Is e-filing a much better way to file your taxes?
Americans and the IRS may not agree about everything, but they’re largely on the same page when it comes to e-filing individual income tax returns.
The majority of individual income tax returns submitted to the IRS are e-filed. E-filing is a favorite as it’s a win-win for taxpayers and the IRS.
In return, you can find any refund you are owed faster, especially in the event that you have it directly deposited to your bank account.
However, what about security? And can digital filing actually give you access to all of the forms that you may need if you have a complex tax situation? Are there ever situations when you can’t e-file? Let’s look at the advantages of e-filing, and if it might be the very best filing option for your requirements.
If you are Considering e-filing, a Few of the advantages include:
- Quick confirmation your forms have been received: The IRS will confirm a tax filing was received within one day of digital submission. For paper filers, the IRS does not send any acknowledgment that your forms have arrived .
Timely refunds: When you submit a paper filing, it can take six to eight weeks to receive a tax refund. With e-filing, you are going to receive your money in three weeks or not. Choosing direct deposit can also accelerate the refund process.
Reduced chance of mistakes: According to the IRS, there’s around a 1 percent error rate on e-filed yields, compared with a 20% speed of mistakes on paper filings. The IRS also provides more information on issues discovered on e-filed yields compared with paper returns.
Simple payment process: If you owe the IRS money, it is easier to cover at your convenience if you e-file. You can submit returns early and pay afterwards if necessary, as long as you pay from the April 15 filing deadline. And you’re able to schedule electronic funds transfers to easily send the IRS what you owe on a date of your choosing again, as long as the IRS receives your payment by Tax Day. You also have the option to pay your balance by using the IRS Direct pay service from your checking or savings accounts, filing a credit card through a payment processor for a commission, or paying by check or money order. Just be aware delaying payment following the filing due date (typically April 15) will result in interest and penalties.
Digital storage of taxation data: Submitting returns electronically implies there’s a digital copy of your tax documents. So if something happens to your paperwork, then you’ll have a digital backup.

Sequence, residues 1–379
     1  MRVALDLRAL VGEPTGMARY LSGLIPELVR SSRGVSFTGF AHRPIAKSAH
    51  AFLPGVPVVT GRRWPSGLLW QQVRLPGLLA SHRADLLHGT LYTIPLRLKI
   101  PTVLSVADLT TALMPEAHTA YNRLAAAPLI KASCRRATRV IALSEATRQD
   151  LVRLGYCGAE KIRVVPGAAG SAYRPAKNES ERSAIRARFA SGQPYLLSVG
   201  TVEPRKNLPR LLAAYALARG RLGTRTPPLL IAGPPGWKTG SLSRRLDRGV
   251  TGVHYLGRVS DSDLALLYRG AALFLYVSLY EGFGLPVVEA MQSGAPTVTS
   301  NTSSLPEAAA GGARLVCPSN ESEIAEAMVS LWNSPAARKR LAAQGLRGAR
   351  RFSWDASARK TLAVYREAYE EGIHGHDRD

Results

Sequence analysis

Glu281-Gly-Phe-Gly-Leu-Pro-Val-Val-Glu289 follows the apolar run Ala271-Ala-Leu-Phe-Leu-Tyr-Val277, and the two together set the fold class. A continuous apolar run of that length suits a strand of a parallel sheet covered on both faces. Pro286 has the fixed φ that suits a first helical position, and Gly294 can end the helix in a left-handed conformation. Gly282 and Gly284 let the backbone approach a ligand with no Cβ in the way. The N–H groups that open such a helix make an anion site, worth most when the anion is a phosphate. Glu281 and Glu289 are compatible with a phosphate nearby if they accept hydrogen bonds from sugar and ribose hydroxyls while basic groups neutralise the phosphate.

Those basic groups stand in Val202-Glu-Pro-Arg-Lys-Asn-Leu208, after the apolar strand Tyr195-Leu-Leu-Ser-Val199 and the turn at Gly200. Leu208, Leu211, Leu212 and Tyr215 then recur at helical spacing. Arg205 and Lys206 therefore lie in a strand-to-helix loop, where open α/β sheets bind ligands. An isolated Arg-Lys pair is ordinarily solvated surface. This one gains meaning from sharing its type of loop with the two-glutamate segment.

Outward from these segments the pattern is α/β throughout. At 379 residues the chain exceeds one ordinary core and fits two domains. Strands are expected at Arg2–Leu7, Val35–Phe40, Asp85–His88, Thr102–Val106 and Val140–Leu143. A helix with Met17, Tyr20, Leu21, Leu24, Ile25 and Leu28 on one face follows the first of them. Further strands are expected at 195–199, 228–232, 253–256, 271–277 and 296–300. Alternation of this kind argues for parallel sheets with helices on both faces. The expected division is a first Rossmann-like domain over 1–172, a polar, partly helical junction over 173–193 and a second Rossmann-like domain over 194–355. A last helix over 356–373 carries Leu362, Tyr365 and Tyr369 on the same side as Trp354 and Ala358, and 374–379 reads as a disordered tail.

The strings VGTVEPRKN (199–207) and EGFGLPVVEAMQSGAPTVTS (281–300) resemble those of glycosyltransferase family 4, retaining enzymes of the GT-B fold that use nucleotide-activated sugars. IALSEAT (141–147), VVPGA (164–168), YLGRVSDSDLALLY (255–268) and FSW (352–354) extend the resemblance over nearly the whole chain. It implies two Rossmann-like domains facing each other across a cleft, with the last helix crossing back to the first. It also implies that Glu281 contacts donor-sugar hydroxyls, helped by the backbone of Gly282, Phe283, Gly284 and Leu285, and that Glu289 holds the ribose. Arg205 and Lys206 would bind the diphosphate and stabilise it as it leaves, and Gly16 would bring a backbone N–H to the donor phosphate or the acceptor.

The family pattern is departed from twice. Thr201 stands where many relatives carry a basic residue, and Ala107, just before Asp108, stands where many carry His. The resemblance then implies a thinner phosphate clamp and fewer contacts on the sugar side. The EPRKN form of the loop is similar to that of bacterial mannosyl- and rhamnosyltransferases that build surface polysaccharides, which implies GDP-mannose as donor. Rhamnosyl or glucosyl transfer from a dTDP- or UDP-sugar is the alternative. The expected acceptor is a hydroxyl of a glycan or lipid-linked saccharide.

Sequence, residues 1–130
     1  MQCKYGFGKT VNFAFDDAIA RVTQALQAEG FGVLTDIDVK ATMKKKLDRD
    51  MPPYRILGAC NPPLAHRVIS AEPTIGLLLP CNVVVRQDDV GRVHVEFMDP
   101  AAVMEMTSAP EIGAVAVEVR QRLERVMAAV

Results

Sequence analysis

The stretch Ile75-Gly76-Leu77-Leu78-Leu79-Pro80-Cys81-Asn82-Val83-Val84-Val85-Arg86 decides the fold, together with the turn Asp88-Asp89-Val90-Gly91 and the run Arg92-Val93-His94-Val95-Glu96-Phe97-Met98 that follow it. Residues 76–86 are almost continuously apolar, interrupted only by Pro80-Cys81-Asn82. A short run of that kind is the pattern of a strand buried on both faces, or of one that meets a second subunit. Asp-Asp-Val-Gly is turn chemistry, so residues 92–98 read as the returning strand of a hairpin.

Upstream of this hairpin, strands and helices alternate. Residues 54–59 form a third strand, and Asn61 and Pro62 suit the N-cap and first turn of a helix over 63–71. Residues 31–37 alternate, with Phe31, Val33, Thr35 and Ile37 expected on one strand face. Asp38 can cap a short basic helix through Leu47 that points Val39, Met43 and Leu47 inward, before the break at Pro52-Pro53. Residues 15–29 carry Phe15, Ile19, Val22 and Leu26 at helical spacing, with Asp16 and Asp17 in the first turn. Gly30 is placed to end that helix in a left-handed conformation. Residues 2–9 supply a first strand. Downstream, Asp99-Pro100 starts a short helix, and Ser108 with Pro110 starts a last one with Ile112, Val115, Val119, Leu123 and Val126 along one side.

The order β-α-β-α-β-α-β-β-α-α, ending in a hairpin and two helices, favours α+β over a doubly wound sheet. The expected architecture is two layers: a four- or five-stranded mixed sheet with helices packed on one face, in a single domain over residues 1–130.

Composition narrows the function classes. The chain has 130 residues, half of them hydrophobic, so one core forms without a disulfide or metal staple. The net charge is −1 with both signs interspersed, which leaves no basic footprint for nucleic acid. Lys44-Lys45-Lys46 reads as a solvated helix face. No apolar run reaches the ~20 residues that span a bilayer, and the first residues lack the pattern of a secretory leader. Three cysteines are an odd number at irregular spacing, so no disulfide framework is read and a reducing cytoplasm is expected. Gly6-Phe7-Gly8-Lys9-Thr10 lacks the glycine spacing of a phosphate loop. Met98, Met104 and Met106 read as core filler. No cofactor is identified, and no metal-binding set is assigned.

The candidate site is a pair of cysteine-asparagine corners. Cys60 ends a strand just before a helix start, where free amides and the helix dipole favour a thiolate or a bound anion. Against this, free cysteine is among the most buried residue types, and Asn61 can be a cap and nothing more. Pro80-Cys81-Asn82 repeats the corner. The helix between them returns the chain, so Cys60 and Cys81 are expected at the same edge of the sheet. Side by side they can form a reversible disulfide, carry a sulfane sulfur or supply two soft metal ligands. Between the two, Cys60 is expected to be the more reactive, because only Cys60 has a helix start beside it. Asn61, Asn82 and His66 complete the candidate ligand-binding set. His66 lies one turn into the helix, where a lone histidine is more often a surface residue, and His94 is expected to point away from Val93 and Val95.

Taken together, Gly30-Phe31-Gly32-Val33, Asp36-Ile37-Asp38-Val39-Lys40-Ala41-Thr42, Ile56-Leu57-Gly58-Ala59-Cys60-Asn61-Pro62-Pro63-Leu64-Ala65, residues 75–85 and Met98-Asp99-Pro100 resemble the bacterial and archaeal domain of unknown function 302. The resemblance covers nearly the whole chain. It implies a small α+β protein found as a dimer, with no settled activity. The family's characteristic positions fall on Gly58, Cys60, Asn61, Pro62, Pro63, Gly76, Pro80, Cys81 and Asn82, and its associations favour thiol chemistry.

The fantastic news: Most taxpayers do decide to e-file and find those advantages — and the process of doing this is easy.
How to e-file a tax return?
The forms do the math for you and offer basic advice. You can only do your federal return with these forms.
Employing online tax preparation software is far and away the favored approach of most taxpayers. In fact, the IRS says it expected over four in five tax returns to be filed through tax return prep program.
Is e-filing really secure?
While e-filing is suitable, you may worry about security — especially with all these data breaches. But experts agree that this is not an issue that should dissuade you by e-filing.
“In fact, it may be more secure than paper filing as you’re sending your personal information through an encrypted network as opposed to exposing your information in the mail.”
Dennis Chow, vice president of information security at SCIS Security, explains that the IRS has put safety measures in place to keep your data secure. “Vendors typically utilize IRS specific APIs that require ab sessions,” Chow says. “All this is routed over TLS encrypted links “
It is important to employ a trusted service to help you file your taxes. Chow advises to not e-file on a computer or use an internet connection which is not confidential.
For many taxpayers, it is sensible to e-file a return because it is the most convenient way to file your tax information to the IRS and it allows for timely refunds and easy payment options. Just make sure to use tax preparation software from a trusted source, so you may make certain the information you provide to transmit to the IRS will be kept secure.